Paul Exben is a success story - partner in one of Paris's most exclusive law firms, big salary, big house, glamorous wife and two sons straight out of a Gap catalog. But when he finds out ... See full summary »
A brilliant plastic surgeon, haunted by past tragedies, creates a type of synthetic skin that withstands any kind of damage. His guinea pig: a mysterious and volatile woman who holds the key to his obsession.
Back from a holiday in Spain, Lili, 19, finds that Loïc, her twin brother, has left the house following a row with their father. She disapproves of her parents' apparently light attitude ... See full summary »
Paul Exben is a success story - partner in one of Paris's most exclusive law firms, big salary, big house, glamorous wife and two sons straight out of a Gap catalog. But when he finds out that Sarah, his wife, is cheating on him with Greg Kremer, a local photographer, a rush of blood provokes Paul into a fatal error. Standing over the corpse of his wife's lover, Paul knows that his perfect life has gone for good. But by assuming the dead man's identity and fleeing for an isolated part of former Yugoslavia on the beautiful Adriatic coast, Paul gets another shot at being himself and, at last, seeing the big picture. Written by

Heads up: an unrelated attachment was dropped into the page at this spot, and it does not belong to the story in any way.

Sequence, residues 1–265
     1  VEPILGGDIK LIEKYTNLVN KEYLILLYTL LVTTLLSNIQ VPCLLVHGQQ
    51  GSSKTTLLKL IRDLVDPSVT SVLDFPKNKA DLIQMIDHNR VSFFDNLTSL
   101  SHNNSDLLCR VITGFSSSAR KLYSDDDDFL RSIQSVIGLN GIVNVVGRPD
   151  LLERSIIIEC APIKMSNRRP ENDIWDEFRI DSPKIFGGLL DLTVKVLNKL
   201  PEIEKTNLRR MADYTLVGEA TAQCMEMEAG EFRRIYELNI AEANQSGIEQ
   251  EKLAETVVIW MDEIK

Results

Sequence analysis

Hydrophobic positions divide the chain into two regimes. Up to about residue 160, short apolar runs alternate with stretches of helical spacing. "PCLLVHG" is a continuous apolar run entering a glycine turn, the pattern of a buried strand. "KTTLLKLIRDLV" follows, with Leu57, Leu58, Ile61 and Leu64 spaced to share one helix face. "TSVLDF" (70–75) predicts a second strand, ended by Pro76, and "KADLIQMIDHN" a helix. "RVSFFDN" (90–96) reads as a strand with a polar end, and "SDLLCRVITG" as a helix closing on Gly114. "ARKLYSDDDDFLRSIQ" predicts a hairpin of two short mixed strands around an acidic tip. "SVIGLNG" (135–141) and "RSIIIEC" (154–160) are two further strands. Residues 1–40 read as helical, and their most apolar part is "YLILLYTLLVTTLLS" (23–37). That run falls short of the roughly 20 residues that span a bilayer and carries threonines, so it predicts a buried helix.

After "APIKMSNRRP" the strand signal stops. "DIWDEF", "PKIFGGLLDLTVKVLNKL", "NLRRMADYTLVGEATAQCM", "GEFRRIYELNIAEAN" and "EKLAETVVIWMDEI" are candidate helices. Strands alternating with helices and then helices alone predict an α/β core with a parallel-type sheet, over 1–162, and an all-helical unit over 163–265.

The Film Catalogue
Eric Lartigau's thriller is a cunning film. The tension remains right up to the end, although it's also rather disappointing that it has gone nowhere. Romain Duris' Paul has either got some sort of deep-hidden secret (popped into relief by the suggestion that he had an exciting creative career ahead of him that he abandoned) that is to be revealed or we are to discover some moral to his pursuit of 'the life he wants to live' (to borrow the French title).
Instead the film is actually in each of the episodes along the way that Lartigau concocts; how Paul builds something from a situation that seems simple and moves on from it when it becomes complicated. It's fluid, liberating but strangely unedifying. I liked the editing and the location shooting of both Paris and South East Europe. Niels Arestrup puts in a small turn later on which is as good as anything else in the film, including Catherine Deneuve's professional appearance. Slick but slippery 5/10
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